Periodontal disease or Periodontitis is an infection of the tissues that support the teeth. It is the inflammation of the supporting tissues of the teeth caused by specific microorganisms, resulting in progressive destruction of the periodontal ligament and alveolar bone with pocket formation, recession or both. It is clinically determined by the presence of a pocket. A shallow v-shaped crevice known as sulcus is present between the tooth and gums.
Periodontal diseases attack below the gum line in the sulcus, where they destroy the attachment of the tooth and its supporting tissues and thus a pocket is formed. Generally, the more severe is the disease; the greater is the depth of the pocket.
Periodontal diseases are classified according to the severity of the disease. It exists in three primary forms: Chronic, Aggressive and manifestation of systemic disease. The chronic periodontitis is the most common type and has two major stages, gingivitis and periodontitis.
Gingivitis is a milder and reversible form of periodontal disease that only affects the gums. Gingivitis may lead to more serious, destructive forms of periodontal disease called periodontitis.
Factors Responsible for Periodontal Disease
Periodontitis is caused by certain factors like weak immune response, improper Oxygen supply to the oral tissues.
Smokers are more prone to periodontal diseases when compared to a non-smoker.
Gum disease is very common among diabetic patients. If a person’s blood sugar level is very high, Chances of infection are high and the healing process is delayed. This results in more amounts of microbial activity and the alveolar bone loss increases rapidly, and finally the teeth mobility increases.
Stress, Pregnancy and birth control pills can increase hormone levels and hence aggravate periodontitis.
Some medicines like steroids, anti-seizure medicines, cancer medicines, and blood pressure medicines decrease the flow of saliva, irritating the mouth and making it prone to infection.
There are few warning signs of the periodontal diseases which every person should keep in mind.
Some of these are the gums bleed when you brush or floss your teeth, gums become red, swollen or tender, gums that are loose, bad breath, purulence(pus) between the teeth and gums when the gums are pressed, spacing between permanent teeth, change in the bite or changes in the fit of your partial denture.
Etiology of Periodontitis
Moderate and Early Periodontal Disease
Periodontitis occurs when the inflammation of the gums progresses into the deeper underlying supportive tissues like the alveolar bone and supporting ligaments. In the most common form of periodontitis, plaque (and sometimes calculus) is found below the sulcus. The gums get irritated, appear bright red, and bleed easily.
The periodontal ligaments holding the tooth in the socket gets destroyed and the gingival recession is visible. This results in formation of periodontal pockets and spacing in between the tooth and gum. The pocket deepens, resulting in more amount of food lodgment which is a favorable medium for microorganisms to grow, this in turn causes destruction of bone and the teeth become mobile.
Calculus and plaque do not have to be evident to the naked eye for periodontal disease to be present. You need regular examinations performed by your oral health professional to assess your periodontal health and determine if periodontal disease is active in your mouth.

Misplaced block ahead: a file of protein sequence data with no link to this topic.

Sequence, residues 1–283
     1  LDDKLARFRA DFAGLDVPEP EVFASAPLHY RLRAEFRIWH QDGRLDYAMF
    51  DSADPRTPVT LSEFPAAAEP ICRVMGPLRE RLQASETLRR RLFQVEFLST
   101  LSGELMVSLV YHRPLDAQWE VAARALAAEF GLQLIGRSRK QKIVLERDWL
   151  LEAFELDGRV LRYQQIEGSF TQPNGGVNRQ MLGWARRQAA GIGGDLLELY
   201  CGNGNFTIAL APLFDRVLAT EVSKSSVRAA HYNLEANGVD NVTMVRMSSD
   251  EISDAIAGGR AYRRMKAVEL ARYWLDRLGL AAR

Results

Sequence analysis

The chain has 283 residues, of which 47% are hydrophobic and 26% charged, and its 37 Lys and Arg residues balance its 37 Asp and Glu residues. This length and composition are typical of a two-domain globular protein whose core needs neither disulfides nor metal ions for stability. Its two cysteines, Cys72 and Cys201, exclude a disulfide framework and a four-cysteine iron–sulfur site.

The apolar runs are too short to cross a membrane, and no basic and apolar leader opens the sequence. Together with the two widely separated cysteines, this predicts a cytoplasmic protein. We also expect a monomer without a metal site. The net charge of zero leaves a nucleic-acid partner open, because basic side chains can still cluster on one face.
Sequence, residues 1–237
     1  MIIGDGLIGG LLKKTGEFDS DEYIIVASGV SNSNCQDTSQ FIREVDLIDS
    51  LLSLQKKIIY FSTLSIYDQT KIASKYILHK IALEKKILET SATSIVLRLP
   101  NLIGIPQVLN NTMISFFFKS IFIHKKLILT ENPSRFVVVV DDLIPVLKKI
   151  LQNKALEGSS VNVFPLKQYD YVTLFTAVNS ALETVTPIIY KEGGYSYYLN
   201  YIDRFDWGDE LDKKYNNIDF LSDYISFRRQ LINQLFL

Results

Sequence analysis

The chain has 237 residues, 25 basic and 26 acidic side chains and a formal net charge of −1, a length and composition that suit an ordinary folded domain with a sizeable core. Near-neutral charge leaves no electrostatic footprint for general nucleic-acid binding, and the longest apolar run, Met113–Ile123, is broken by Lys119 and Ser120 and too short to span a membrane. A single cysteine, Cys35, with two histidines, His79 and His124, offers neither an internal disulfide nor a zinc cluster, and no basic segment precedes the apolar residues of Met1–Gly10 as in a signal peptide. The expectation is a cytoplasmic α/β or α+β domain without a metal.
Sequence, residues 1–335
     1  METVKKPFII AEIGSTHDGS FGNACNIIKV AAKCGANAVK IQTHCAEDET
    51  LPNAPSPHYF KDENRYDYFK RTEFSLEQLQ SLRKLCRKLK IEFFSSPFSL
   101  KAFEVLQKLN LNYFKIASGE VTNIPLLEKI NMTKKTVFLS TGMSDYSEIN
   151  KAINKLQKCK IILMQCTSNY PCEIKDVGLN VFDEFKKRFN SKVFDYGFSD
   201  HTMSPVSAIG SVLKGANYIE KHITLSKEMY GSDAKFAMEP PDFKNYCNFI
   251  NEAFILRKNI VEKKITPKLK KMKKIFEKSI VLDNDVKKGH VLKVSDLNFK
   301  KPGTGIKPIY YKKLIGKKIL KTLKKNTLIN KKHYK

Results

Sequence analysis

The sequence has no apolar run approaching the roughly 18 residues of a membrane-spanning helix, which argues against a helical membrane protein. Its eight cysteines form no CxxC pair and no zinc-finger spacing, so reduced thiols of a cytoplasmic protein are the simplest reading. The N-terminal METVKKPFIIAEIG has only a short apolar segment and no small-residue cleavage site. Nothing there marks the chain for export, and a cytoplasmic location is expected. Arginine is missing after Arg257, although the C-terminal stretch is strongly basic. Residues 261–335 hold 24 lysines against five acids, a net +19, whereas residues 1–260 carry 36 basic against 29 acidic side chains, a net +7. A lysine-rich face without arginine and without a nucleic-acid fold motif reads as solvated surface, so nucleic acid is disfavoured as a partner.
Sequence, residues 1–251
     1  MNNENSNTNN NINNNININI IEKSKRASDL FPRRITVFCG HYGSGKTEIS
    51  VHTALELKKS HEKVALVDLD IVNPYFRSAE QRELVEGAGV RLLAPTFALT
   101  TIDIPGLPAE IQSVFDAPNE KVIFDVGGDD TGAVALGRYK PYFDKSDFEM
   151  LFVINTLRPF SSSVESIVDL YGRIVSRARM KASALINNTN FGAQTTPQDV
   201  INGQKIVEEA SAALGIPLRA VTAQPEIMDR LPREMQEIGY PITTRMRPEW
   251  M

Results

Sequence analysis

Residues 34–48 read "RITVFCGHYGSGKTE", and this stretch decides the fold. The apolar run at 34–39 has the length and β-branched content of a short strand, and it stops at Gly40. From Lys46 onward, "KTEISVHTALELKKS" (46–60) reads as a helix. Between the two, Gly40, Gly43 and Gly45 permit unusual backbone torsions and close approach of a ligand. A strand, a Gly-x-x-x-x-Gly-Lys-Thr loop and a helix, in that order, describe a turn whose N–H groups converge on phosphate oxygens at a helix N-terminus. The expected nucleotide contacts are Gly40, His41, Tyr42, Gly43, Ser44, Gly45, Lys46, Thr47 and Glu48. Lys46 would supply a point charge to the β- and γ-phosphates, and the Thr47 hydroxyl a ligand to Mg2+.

Advanced Periodontal Disease
When periodontitis progresses to the advanced stage, the gums severely recede, that is, pulling away from the tooth and hence pockets deepen and may be filled with pus. The tissues around the root get inflamed and sensitivity to hot or cold is increased. There is tenderness in the gums while brushing the teeth. This is due to the severe gum recession exposing the root surface.
As bone loss increases, the teeth lose support and start moving and finally teeth fall on their own or have to be removed by a dental profession to maintain over all oral health.
Diagnosis of Periodontal Disease
A thorough dental check up is required initially, followed by percussion and palpitation of the teeth. By help of a periodontal probe the depth of the pocket can be determined and grade of mobility of the teeth should be done thoroughly. The deeper the pocket, the more severe the periodontal disease is. The teeth are checked for bleeding & sensitivity and a bite assessment is done. OPG X-rays can help determine periodontal diseases by showing the level of bone loss and surrounding tissues.
In healthy gums, the pockets measure less than 3 millimeters — about one-eighth of an inch — and no bone loss appears on X-rays. Gums are firmly attached to the teeth and are pink in color. Pockets that measure 3 millimeters to 5 millimeters indicate signs of disease. Pockets that are 5 millimeters or deeper indicate a serious condition that usually includes receding gums and a greater degree of bone loss.
Following the evaluation, your dentist or periodontist will recommend treatment options. Methods used to treat gum disease vary and are based on the stages of the disease.
Treatment of Periodontal Disease
If you’re diagnosed with periodontal disease, your periodontist may initially recommend you to maintain good oral hygiene. A periodontal surgery is the most common treatment plan. The surgeon determines the tissue around your teeth whether it can be repaired with non-surgical methods or not.
The four types of surgical treatments most commonly prescribed are Pocket Reduction Procedures, Regenerative Procedures, Crown Lengthening, and Soft Tissue Grafts.
In order to replace a lost tooth due to periodontal disease, you may be interested in dental implants — the permanent tooth replacement option.